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Aaron Reynolds

Aaron Reynolds

AARON REYNOLDS is the author of numerous great books for kids, including Chicks and Salsa, Tale of the Poisonous Yuck Bugs, The Nineteenth of Maquerk, and Breaking Out of the Bungle Bird. He lives near Chicago, where his wife, two kids, and four cats keep life spicy. 

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Q & A

Where did you grow up?
My dad was in the military, so we moved all the time. I was always the new kid at school. Before I reached high school, I lived in Texas, Colorado, Florida, Japan, New Jersey, and Illinois.

What is your earliest memory of writing/drawing?
I’m not one of those people who wanted to be a writer since I was, like, four years old. I don’t remember writing as a kid, but I did love to draw, though I wasn’t very good. I had an active imagination though, and used to play a game called D&D that had me constantly making up new worlds and adventures. Looking back, this was probably great training ground for my writing.

What inspired you to write/illustrate your first book?
As an adult, I love kids’ books. I never really read much as a kid…I didn’t really discover books until fifth grade. My parents weren’t big readers and we didn’t have books in the house. Then, one day, my fifth grade teacher read “Ramona the Pest” to us out loud. It changed everything. I couldn’t believe what I had been missing. From then on, I had a love affair with books and spend all my time in the library, making up for lost time. That continued on into my adult years. So, when I began dabbling in writing, it was kids’ books that I connected most with.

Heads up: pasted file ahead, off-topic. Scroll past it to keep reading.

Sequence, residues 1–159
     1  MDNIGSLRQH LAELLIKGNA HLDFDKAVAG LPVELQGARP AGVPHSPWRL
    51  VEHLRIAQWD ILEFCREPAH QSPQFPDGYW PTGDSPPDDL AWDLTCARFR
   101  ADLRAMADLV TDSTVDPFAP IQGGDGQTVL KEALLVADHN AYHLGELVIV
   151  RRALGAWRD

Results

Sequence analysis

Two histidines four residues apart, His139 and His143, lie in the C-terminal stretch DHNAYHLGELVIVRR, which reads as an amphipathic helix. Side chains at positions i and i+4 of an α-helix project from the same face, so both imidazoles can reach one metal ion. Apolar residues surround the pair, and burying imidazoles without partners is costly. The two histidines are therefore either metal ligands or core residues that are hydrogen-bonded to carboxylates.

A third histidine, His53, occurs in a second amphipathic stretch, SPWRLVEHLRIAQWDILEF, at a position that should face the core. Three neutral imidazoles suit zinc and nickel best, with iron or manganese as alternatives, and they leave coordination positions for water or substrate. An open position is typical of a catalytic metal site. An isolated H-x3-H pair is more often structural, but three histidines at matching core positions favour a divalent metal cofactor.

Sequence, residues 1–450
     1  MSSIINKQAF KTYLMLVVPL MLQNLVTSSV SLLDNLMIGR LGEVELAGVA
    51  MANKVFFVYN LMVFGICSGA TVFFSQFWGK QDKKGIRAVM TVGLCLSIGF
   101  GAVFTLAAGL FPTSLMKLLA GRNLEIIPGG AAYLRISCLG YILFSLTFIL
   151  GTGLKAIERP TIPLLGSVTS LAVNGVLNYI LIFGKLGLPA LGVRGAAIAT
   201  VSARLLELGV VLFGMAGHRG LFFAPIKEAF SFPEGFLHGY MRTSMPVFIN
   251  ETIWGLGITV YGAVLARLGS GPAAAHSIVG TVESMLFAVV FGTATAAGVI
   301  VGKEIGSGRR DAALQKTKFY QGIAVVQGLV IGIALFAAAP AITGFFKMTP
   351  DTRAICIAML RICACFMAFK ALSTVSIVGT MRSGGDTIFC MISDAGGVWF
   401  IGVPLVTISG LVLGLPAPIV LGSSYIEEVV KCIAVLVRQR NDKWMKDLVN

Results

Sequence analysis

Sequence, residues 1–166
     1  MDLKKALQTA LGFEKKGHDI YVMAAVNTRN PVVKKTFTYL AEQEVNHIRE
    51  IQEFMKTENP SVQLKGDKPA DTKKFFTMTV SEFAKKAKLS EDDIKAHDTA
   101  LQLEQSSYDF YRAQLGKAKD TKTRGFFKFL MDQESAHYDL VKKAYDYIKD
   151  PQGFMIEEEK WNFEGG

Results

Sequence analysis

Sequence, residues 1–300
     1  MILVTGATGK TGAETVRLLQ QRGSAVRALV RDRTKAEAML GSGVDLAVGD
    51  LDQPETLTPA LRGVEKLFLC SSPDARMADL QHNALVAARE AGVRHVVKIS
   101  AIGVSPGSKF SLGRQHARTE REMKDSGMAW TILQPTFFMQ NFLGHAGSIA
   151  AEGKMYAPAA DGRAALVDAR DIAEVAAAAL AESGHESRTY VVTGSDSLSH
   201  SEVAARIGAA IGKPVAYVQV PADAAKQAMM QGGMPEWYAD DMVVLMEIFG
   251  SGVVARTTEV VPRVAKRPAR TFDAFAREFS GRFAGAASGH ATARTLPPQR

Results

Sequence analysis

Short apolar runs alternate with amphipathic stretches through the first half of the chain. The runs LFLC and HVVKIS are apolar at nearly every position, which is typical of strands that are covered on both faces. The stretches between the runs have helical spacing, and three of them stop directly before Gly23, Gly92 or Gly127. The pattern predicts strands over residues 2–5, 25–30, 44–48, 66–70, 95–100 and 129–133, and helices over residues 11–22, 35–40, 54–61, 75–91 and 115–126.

Do you use your childhood as inspiration?
Sure, some, I guess. I think I’m mostly just a really immature adult. That helps.

What books from your childhood have most influenced your work? What about adult titles?
I can’t say what has influenced my work, because I never imagine myself in the same league with some of my favorite authors. But I loved (and love) Roald Dahl, Madeline L’Engle, Jon Scieszka, George Saunders, E.L. Konigsburg. I’m also very visually inspired and influenced by certain illustrators like Gris Grimly, Yuyi Morales, Wayne Anderson, Lane Smith and Laurie Keller.

I think it’s easier to allow myself to be inspired by illustrators than writers, especially when I was starting out, because I was always scared I’d copy another writer’s style or approach. I didn’t want to do that…I wanted to find my own voice. But when I see a picture that puts a particular story or character voice in my head…well, it’s not copying. It’s just inspiration.

What are your hobbies and interests besides reading and books?
I love food, both cooking and eating, and this comes out in many of my books.

What one or two words of advice would you give for young authors/illustrators?
Write what makes you happy, not what you think other people will like. It’s amazing that this works, but it does. It is this ability that makes what you write unique, appealing, and worth reading.

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BOOKS BY THE AUTHOR

Big Hairy Drama (Joey Fly, Private Eye, Book 2)

Joey Fly, Private Eye

Aaron Reynolds; illustrations by Neil Numberman

A cold snap has blown into town like an unwanted house pest. But there’s only one guy in the bug city with the power to put crime permanently on ice: Joey Fly, Private Eye....

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Creepy Crawly Crime

Joey Fly, Private Eye

Aaron Reynolds; illustrations by Neil Numberman

Have you ever had one of those moments? You know—you’re trying to find a stolen diamond pencil box for your beautiful butterfly customer, your mosquito witness won’t give...

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